Dealing With Miscarriage
Posted in Parents To Be on Wednesday, December 26th, 2012
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While pregnancy brings about joy, happiness and elation, loss of a pregnancy on the other hand produces feelings of grief, depression, guilt, anger and a sense of failure and vulnerability. You feel shocked and devastated as you see your hopes, dreams and weeks of careful planning getting dashed. You may have started feeling like a mother as soon as you discovered you were pregnant and then to rob you off those feelings makes you feel cheated. You may feel withdrawn, moody and unable to eat, sleep or concentrate. All these feelings are very natural but don’t be too hard on yourself — instead, give yourself time as time really is the biggest healer. And whats more, this is not the end of the world. You can get pregnant again and see your dream of becoming a mother turn true.
Here are a few things to keep in mind as you cope with a miscarriage.
Don’t blame yourself:
Miscarriage or pregnancy complications are not uncommon. Going by statistics, one in five pregnancies these days end this way. So stop blaming yourself for it. 50-75% of miscarriages that occur in the first trimester happen as the embryo/fetus was unable to develop normally. Just think of your life and your child’s if you had delivered an unhealthy baby! So take heart, this is nature’s way of ensuring the birth of more healthy babies in this world.
It’s natural to grieve:
It’s natural to feel angry, hurt, sad and depressed. Hence, don’t suppress them. You may find yourself disturbed especially around your due date or other milestones. Cry your heart out. The process of healing will be faster, help you accept your grief, make you stronger and enable you to look ahead.
Talk to your partner:
This is the time when ‘Men are from Mars, Women are from Venus’ seems more prominent than ever. While you are bawling your eyes out, your partner doesn’t ‘show it at all’. Don’t pounce on him for his indifference. For all you know, he is trying to be your pillar of strength. Also, men and women grieve differently. While women tend to express their feelings and look for support from others, men tend to hold their feelings inside and deal with loss on their own. Key is to talk openly and honestly with your partner about what’s happened and how it’s affecting you. Between the two of you, you can surely find a way to cope with your grief and loss.
Don’t cut off from friends and family:
You may feel withdrawn or hesitant to talk to your friends or family in the fear that they might inadvertently say something hurtful. Remember, they are close to you and know you well. It’s not their intention to hurt you. It’s just that someone who hasn’t gone through this really can’t know what it’s like. They might want to comfort you but end up saying something else as they don’t know what to say. Try not to take it personally and take umbrage. So although it may seem painful to talk about, share your feelings with them. You may be surprised by how many friends, cousins, neighbours and colleagues have gone through a similar experience. Their stories of loss and healing will help you feel less alone and deal with it.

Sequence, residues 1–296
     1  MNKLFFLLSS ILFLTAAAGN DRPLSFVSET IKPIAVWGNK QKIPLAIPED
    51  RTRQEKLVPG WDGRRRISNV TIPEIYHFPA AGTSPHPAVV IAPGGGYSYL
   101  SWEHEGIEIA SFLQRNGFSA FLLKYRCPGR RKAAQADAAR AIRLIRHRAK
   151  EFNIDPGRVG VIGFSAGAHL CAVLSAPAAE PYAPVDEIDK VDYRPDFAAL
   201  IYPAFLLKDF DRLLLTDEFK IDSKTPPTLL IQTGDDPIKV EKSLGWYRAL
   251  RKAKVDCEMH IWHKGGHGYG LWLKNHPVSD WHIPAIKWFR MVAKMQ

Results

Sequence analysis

Engage yourself in a hobby that will keep you busy. If you are working, go about your professional duties as though nothing happened. The idea is to keep yourself engaged and busy. If you don’t want to be around people especially immediately after the miscarriage, go on a holiday. It will provide you a wonderful distraction from your daily life.
Join Grief Support Groups:
It can be a great help to be around others who are going through the same thing as you are. Ask your doctor about pregnancy loss support groups in your community. Then there are online support groups if you don’t wish to step out. You may also seek out a professional counselor who can help you cope with the difficult emotions.
Keeping a positive frame of mind will help you overcome the situation better. Once you feel physically well again, consult your doctor to check if you can start exercising. Physical activity stimulates various brain chemicals that may leave you feeling happier and more relaxed. Watch comic films and read light books to lighten your mood.
Some find it therapeutic to try for a new pregnancy after a miscarriage, while others might be hesitant of trying again. Just remind yourself that you will become pregnant again and give birth to a normal and healthy child. For the vast majority of women, a miscarriage is a one-time event. Consult your doctor who can run tests on you to check your physical readiness. If you are having recurrent miscarriages, talk to your doctor for tests to rule out treatable miscarriage causes before you try again.
Complete healing doesn’t happen overnight. It might take weeks or months as per your emotional capacity.
If you have gone through such troubled times, don’t be hesitant and share your experience with us; how you felt and how you dealt with it. It might help others deal with their loss much better.